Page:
The Northbridge Centre office tower last week traded hands for $98 million, as investors continue to pour money into West Palm Beach property. The 21-story office tower at 515 N. Flagler Drive sold to 515 N. Flagler Drive Owner LLC, a partnership of C-III Capital Partners and Vanderbilt Office Properties, according to sources. The tower’s prior sale was in 2016, when it sold for $68 million.
The Northbridge sale took place after its recent owners, Connecticut-based Greenfield Partners and Crocker Partners of Boca Raton, spent three years and an estimated $15 million upgrading the office complex.
The black-glass office tower, nicknamed the Darth Vader building, underwent a renovation that included upgrades to its lobby and common areas and the construction of a conference facility. Some space was built out for prospective tenants, too.
The 294,000-square-foot Northbridge leased up with law firms and hedge funds but reportedly lost out on a big tenant, WeWork, the trendy co-working space. Word is WeWork took a hard look at Northbridge but decided not to lease space in West Palm Beach. Instead, the co-working space leased four floors in a new office tower in Miami.
As it stands, Northbridge still has plenty of vacant space, at a time when two new office complexes, Rosemary 360 and One West Palm, are being built.
Peter Reed, Managing Partner of Commercial Florida Realty Services, which handled Northbridge’s leasing, said new tenants such as Evercore Wealth Management and Atlantic Street Capital bolstered the county’s efforts to brand downtown West Palm Beach the “Flagler Financial District.” Law firms such as Fisher Potter Hodas also took space in the tower, which Reed, a golf aficionado, said was a “chip shot” away from the courthouse.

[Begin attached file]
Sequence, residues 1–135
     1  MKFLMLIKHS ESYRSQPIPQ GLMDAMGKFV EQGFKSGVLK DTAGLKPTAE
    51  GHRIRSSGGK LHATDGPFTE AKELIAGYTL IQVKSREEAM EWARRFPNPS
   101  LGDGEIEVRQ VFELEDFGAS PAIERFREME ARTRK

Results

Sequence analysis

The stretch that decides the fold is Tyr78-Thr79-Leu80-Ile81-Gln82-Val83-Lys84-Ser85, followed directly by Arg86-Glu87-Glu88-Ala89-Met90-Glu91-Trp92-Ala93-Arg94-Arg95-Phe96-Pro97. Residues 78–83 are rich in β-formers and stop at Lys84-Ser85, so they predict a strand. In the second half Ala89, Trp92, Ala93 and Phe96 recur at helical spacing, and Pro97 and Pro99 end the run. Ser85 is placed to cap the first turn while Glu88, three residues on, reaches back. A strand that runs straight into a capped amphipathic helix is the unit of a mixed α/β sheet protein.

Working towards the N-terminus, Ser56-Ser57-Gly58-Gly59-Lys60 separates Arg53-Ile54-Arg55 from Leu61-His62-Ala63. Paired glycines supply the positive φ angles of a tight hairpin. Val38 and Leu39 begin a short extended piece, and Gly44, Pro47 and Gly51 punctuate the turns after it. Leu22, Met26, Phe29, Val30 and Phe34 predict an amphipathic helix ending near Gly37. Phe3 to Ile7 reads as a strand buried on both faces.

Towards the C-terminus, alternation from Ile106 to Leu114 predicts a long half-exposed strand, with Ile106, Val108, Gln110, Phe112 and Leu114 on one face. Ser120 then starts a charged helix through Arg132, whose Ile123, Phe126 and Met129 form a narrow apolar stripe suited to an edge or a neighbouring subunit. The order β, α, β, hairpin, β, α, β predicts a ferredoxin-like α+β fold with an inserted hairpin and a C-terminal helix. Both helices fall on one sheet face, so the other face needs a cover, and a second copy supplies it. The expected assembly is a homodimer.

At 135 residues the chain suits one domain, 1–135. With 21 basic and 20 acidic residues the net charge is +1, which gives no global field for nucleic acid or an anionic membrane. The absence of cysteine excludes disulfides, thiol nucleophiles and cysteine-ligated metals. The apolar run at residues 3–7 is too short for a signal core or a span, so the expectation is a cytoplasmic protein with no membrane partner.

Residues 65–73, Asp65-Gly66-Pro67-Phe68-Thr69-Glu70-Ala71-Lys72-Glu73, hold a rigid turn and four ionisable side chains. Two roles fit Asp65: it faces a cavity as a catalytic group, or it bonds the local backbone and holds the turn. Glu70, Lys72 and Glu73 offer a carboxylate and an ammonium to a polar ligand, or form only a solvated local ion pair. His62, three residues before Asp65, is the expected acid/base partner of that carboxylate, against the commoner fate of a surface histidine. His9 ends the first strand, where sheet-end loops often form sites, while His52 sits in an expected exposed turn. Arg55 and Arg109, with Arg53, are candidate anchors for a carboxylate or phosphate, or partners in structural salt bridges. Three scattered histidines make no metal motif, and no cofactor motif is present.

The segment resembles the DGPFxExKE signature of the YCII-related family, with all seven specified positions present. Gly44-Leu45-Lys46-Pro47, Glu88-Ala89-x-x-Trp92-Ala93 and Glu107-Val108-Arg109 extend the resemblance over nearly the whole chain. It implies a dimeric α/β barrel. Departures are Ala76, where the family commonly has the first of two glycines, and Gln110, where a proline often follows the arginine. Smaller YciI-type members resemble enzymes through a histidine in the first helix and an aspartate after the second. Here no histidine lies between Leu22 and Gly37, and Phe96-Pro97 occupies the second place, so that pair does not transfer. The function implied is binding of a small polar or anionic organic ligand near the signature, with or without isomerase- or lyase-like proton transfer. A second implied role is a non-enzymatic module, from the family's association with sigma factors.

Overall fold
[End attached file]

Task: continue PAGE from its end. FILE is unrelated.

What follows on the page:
Nevertheless, Neil Merin, chairman of NAI/Merin Hunter Codman in West Palm Beach, said the office tower still has about 54,000 square feet of vacant space. Merin said two full floors remain vacant, meaning that tenants wanting to be on the water still have good choices for space.
Brokers say there’s already plenty of office space available in downtown West Palm Beach right now. In fact, Merin recently made a presentation before an Urban Land Institute conference in West Palm Beach on the topic. In his speech, he noted downtown’s 17 percent vacancy rate, featuring about 285,000 square feet of available space.
Brokers characterized the West Palm Beach office market as a “move around market,” with new office buildings usually poaching tenants from existing buildings. Few large new office users come to the market. The Comvest deal is a perfect example of this trend, they said.
This fact contradicts statements by developers, business and government leaders who maintain there is an immediate and desperate need for more Class A space downtown.
Merin said in the short term, the supply of office space might swell to more than 786,000 square feet with the addition of two more office complexes, keeping office rents in check.
In the long run, however, Merin expects downtown West Palm Beach’s office space will fill up as more financial and business firms move to Florida from high-tax states in the Northeast.